The sad situation:
All the wineries had finally left town, the events had gone off without a hitch and I took a day off work in hopes of reckoning with a severe case of festival bloat and palate fatigue. I know I shouldn’t bitch—oh poor me, oh the sufferings of excess…
The heart of the problem:
Let it suffice to say I was, as my dearly departed father used to say, “dragging ass”. Perhaps it’s just a function of my liver not bouncing back like it used to in my less discriminate years. The palate was in desperate need of viticultural EKG paddles. Anything more is just idle speculation. How does one restore that joie de vivre, that spring in the step, that proverbial lead in the pencil?
The eureka moment:
The answer is: stainless steel!
The cork dork explication:
White wines fermented in stainless steel—or cement for that matter—keep a cleaner fermentation (fewer opportunistic fungi and and assorted microbes to steer the fermentation down the wrong roads) As a result the likelihood of a second bacterial fermentation (malolactic) occurring are minimized.
Grapes have three primary acids; citric, tartaric and malic. Keep in mind that fermentation is a messy business, bacteria are everywhere and on occasion opportunistic little buggers like lactobacillum or oenococcus (to name two of the usual suspects) like to eat malic acid (same stuff as in granny apples) and expel lactic acid (yes, the same stuff as in most dairy products—thats why that bad glass of chardonnay at the wedding reception smells like popcorn butter).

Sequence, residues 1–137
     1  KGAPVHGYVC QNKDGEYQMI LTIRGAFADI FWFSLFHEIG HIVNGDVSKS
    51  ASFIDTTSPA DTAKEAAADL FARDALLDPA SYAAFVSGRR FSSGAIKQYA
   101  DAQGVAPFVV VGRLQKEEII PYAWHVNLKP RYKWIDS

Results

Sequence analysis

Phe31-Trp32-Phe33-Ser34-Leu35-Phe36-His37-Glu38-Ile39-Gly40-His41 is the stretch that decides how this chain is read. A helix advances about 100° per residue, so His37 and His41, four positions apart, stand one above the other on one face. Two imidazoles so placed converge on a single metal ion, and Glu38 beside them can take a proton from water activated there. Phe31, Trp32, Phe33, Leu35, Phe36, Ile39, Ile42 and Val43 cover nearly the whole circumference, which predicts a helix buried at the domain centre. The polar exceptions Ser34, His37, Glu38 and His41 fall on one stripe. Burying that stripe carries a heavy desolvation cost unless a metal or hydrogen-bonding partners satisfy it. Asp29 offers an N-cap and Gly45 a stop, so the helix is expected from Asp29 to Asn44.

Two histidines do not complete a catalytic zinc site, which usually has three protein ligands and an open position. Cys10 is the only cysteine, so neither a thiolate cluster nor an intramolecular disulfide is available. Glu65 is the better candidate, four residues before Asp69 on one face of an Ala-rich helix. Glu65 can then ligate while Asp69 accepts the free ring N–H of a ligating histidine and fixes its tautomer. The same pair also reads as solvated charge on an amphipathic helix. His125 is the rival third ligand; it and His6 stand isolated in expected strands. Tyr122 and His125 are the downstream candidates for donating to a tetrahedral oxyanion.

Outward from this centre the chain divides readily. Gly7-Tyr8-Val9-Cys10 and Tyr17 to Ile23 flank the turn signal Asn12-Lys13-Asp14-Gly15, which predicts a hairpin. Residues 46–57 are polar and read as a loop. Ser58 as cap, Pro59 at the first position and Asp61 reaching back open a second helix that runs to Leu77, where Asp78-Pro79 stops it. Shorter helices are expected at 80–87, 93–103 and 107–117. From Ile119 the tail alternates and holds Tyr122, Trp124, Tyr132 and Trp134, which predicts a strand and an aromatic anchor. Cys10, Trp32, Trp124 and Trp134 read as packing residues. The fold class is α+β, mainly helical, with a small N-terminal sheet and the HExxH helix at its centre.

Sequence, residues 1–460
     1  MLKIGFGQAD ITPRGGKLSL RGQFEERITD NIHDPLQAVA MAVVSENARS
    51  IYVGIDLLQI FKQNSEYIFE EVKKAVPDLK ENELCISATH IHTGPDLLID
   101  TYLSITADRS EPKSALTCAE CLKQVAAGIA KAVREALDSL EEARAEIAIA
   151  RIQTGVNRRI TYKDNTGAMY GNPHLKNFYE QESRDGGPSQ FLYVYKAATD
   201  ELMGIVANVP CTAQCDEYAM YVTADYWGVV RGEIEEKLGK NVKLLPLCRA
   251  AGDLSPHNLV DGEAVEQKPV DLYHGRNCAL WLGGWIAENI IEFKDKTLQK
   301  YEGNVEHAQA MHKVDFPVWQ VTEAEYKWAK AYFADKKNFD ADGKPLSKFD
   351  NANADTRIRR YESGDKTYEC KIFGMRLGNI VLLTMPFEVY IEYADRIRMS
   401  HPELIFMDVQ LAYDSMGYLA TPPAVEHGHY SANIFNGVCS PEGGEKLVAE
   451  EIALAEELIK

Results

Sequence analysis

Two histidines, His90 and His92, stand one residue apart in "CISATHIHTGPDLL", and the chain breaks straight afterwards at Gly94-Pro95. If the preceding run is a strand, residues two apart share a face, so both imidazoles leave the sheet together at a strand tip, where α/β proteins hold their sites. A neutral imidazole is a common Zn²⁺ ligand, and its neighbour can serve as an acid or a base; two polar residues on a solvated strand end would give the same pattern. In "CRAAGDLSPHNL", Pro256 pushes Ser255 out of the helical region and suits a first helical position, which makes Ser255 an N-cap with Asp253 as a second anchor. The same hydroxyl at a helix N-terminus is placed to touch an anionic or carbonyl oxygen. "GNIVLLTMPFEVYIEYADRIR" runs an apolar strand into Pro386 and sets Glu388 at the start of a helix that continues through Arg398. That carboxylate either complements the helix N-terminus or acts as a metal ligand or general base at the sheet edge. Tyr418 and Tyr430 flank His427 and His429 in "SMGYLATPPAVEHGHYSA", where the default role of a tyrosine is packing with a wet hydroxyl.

Clean fermentations maintain the bright freshness of those primary acids,” and we should like acid in our food and wine—it’s what keeps the flavors popping bright and happy. Acid also stimulates production of saliva, which happens to have an enzyme that stimulates digestion, and with my current state of logey stoppage I desperately needed the kickstart to my system.
The oenologic solution, naming names:
So there I was, deep in the metaphorical Congo of my palate on a warm summer Salt Lake night. I ventured out in search of sustenance.
Caffe Molise does have one of the greatest patios in creation, a magnficent place with gurgling fountains, friendly service and a smartly chosen wine list (It’s a terrific assemblage of great food-friendly values); in short, all the ingredients for a system kickstart.
The wine list has its treasures; I indulged in the Vietti Roero Arneis ($45 on the list.) Roero is the area of Piedmont; Arneis is its great indigenous white, and my palate soon started to sing again. It’s a simple wine, low alcohol, no second ferment, no oak but with a beguiling layered freshness of ripe citrus and sweet herbs that just sang with my greens.
A second course of protein begged for something a little more zaftig: Silver Chardonnay by Mer Soleil ($22 retail.)
It’s a juicier wine—chardonnay is a juicier grape—but framed with that same magnificent primary freshness. My palate was left in gleeful lively bliss.
The happy conclusion:
Occam did have a point about keeping it simple, it’s the shortest distance between two points. The blood began to pump again and the evening was complete. You can keep your oak and bacteria to yourself.